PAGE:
Ba-baaai, summer! Bwah!

Published on Tuesday September 27th, 2011

Time to say goodbye, Ada style, with a vigorous kiss blown at the end, to the briefest summer in my memory. All night, dozing lightly with one ear cocked upstairs for baby sounds — the only way I seem to know how to sleep anymore — I heard rain on the pavement. This morning I put on a wool sweater (Pas de Valse), a wool hat (“Mama HA’!” exclaims my small one, reaching to pull it off my head and flop it over her face for peekaboo), and wool socks. (Darned if those aren’t still the best-looking socks in the drawer, despite having been knit in 2005. My admiration for Lorna’s Laces Shepherd Sock grows annually.) Ada is in her reversible brioche cardigan (blue side out today) and her new boots. The boot leather squeaks and she steps tentatively in them, unaccustomed to the stiff soles.

We replenished the bird feeders this morning and discovered a mouse had moved into the seed bin on the back porch. I spotted the evidence right away, but didn’t expect to see Mouse herself peeping up at me from a hole in the bag, all sleek fur, bright eyes, and quivery whiskers. Ada, having been recently enchanted by a pet rat at the tea shop, thought we should pick her up and get to know her properly, but we didn’t. I am tenderhearted about mice, although I sincerely hope this one’s family isn’t expecting to move in with us for the winter. (The cat should be an effective deterrent. For all his faults, he’s a competent hunter and also pulls his weight when it comes to chores like dispatching house centipedes with alarming legs. (Don’t google them. If you don’t know what they look like from personal experience, thank the appropriate deity and go on your blissfully ignorant way.) And while the dog is useless against the creepy crawlies, she’d be thrilled to go all buddy-cop with Mingus on a mouse if he wouldn’t end her for cramping his style. So I’m not too worried about a rodent invasion.) But I’ll be devising a way to lock down the bin lid more securely. In the mean time, the finches seem untroubled to have shared some of their sunflower seeds. I’ve never seen a handful of birds tuck in with more vigor. They must realize summer is fading, too.

While the featheries are plumping up for winter, I’m feeling ready to turn my attention back to the thickest and warmest projects in my knitting basket. If you’re a knitter, there’s an excellent chance you already know what this is…

MiteredCross (1 of 1)

… but don’t tell, okay? Here be secret knitting. And speaking of miters, I’ve nearly finished my Mitered Cardigan: a seam to graft, buttons to attach, ends to weave, and then I cross my fingers and block this sweater like the dickens and, if all else fails, maybe take up running in case there’s a spare inch or so that could come off my middle.

Color studies II

Published on Wednesday October 11th, 2006

Here’s what I learned about colorwork last week:


Project: “Mist” by Kim Hargreaves, from Rowan’s A Yorkshire Fable

Yarn: Rowan Yorkshire Tweed 4-Ply, eight shades

Needles: US #2 and #3

This beret is worked flat and then seamed up. This presents the special challenge of colorwork on purl rows. The center line of that teal band with brown and white crosses? Pure fiery hell, my friends. It’s the only line of the chart where Kim introduces a third color, and naturally it happened to fall on a WS row. I think the working of it may have taken me about half an hour. You bet your boots I realized this was going to be a problem from the outset, and if I could have thought of a way to knit this puppy in the round I would have. But alas, I possess neither 16″ circulars nor #3 double pointeds. And I confess I was concerned about the jogs looking messy anyway. So I worked it as given.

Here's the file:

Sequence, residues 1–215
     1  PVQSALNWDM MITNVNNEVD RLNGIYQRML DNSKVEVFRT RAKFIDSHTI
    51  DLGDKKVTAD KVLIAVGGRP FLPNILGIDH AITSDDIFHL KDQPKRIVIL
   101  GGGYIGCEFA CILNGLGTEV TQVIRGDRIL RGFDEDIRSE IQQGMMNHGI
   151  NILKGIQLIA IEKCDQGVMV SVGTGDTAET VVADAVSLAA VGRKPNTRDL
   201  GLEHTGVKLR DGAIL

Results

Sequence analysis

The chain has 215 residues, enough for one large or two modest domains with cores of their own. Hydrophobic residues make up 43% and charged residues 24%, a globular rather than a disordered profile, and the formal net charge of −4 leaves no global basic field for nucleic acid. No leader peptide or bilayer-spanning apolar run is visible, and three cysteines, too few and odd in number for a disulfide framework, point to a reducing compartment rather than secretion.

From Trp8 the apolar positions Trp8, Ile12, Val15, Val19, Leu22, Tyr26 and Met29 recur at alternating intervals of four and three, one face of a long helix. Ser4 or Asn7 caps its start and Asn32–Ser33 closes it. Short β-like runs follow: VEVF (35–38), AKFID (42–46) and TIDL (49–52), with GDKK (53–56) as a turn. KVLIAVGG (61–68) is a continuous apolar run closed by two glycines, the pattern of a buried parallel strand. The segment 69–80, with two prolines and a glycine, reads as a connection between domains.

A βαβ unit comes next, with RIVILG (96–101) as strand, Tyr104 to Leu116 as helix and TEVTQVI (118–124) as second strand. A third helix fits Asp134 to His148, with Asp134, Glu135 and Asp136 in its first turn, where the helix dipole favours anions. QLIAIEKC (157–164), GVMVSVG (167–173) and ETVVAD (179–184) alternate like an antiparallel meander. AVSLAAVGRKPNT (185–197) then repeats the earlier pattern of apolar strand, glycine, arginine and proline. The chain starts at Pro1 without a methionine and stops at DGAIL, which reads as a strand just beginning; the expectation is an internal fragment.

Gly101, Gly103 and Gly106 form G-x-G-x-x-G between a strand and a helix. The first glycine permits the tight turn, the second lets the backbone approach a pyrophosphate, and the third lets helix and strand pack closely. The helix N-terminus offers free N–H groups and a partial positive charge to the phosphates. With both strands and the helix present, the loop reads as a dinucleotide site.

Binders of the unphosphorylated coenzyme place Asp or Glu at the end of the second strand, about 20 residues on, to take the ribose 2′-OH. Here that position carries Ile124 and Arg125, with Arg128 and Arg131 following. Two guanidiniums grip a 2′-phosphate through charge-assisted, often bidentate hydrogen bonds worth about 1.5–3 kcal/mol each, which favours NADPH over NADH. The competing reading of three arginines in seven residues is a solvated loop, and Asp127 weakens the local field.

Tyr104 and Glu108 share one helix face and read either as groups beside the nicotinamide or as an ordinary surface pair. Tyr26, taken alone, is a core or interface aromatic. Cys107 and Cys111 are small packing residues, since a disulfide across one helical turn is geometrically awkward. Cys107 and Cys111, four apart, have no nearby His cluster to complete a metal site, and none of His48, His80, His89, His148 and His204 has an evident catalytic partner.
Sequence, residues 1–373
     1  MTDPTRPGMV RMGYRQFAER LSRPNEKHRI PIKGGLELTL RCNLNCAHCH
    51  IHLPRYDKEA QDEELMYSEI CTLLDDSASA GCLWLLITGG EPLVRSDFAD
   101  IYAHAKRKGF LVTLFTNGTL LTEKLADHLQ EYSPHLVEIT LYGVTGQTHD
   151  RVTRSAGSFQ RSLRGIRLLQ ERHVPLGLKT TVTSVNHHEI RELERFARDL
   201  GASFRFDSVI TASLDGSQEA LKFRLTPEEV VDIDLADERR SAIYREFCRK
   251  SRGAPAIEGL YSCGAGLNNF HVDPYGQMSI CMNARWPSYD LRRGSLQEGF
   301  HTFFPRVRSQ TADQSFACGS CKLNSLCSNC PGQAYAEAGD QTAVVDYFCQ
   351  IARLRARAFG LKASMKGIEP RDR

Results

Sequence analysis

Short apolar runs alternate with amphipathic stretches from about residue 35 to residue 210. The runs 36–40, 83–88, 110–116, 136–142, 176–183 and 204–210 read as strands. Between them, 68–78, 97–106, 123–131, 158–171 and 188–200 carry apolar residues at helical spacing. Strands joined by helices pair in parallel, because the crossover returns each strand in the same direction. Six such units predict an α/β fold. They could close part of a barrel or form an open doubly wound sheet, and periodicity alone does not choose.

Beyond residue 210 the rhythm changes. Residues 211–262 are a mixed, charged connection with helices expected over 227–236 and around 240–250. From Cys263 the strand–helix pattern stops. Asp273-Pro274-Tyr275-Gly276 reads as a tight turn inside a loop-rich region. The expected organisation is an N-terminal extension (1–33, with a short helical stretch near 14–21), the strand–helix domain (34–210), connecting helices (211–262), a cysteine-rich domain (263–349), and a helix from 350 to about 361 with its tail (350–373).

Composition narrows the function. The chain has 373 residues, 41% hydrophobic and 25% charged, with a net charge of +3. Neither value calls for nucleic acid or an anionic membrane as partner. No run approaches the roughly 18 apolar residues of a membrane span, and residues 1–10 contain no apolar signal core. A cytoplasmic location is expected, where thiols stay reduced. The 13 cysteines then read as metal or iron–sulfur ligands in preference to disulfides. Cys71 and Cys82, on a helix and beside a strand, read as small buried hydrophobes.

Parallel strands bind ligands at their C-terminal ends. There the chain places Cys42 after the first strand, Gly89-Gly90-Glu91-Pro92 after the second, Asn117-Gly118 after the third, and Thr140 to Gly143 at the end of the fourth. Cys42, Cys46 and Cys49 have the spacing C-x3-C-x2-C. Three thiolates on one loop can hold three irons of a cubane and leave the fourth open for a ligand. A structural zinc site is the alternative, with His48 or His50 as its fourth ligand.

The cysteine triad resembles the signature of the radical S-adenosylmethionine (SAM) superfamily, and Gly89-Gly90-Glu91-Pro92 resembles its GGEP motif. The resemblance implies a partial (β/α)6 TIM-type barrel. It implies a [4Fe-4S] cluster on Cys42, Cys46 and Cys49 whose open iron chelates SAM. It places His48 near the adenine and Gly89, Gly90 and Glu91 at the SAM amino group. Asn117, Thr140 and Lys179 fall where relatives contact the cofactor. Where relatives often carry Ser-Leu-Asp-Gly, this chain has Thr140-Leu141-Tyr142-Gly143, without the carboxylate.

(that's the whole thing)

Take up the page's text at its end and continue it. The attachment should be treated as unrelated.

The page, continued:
Overall, I’m pretty happy with the result. I scrapped the suggested pompon (yes, that’s the correct spelling – you can blame the French), because those are for the birds. I notice the folks who did the photo shoot for the book agree with me. I can just picture the Rowan fashion editor stalking the models with a pair of scissors – snip snip! – and little colored balls of fluff skittering away over the Yorkshire moors like so many grouse chicks. (Do they have grouse in Yorkshire?) Anyway, the hat looks rather ducky, although it needs to be blocked over a dinnerplate (thanks, EZ!) to achieve proper tam shape. Here’s what’s less ducky:


Ends, the curse of colorwork. Scores and scores of Medusa-like ends. Minus the ends, I love the purl side of fair isle, or anything stripey. I’ve long intended to knit a striped baby sweater intentionally wrong-side out.

So what did I learn about colorwork from this project, besides the devilish dexterity necessary to manipulate three working strands of yarn across a purl row? Don’t be afraid of bright and contrasting colors in fair isle. These are not the colors Kim H. dictated in the pattern. In my defense, Yorkshire Tweed 4-Ply is hard to find, having been discontinued, and for all my scrounging in yarn stores I never did come up with two of the shades she calls for. But I rejected the recommended lawn green and peacock blue as too garish for my taste, and that was probably a mistake. I chose eight colors I thought were harmonious, but I’ll bet it doesn’t look to you as if there are eight different colors in these pictures. The mulled wine, chocolate brown, and deep neptune blue are too close in value, and it’s hard to distinguish them unless you look very carefully. And the bone color looks very white in comparison to the darker shades. Lesson learned! I’ll go for more contrast when I start my mittens.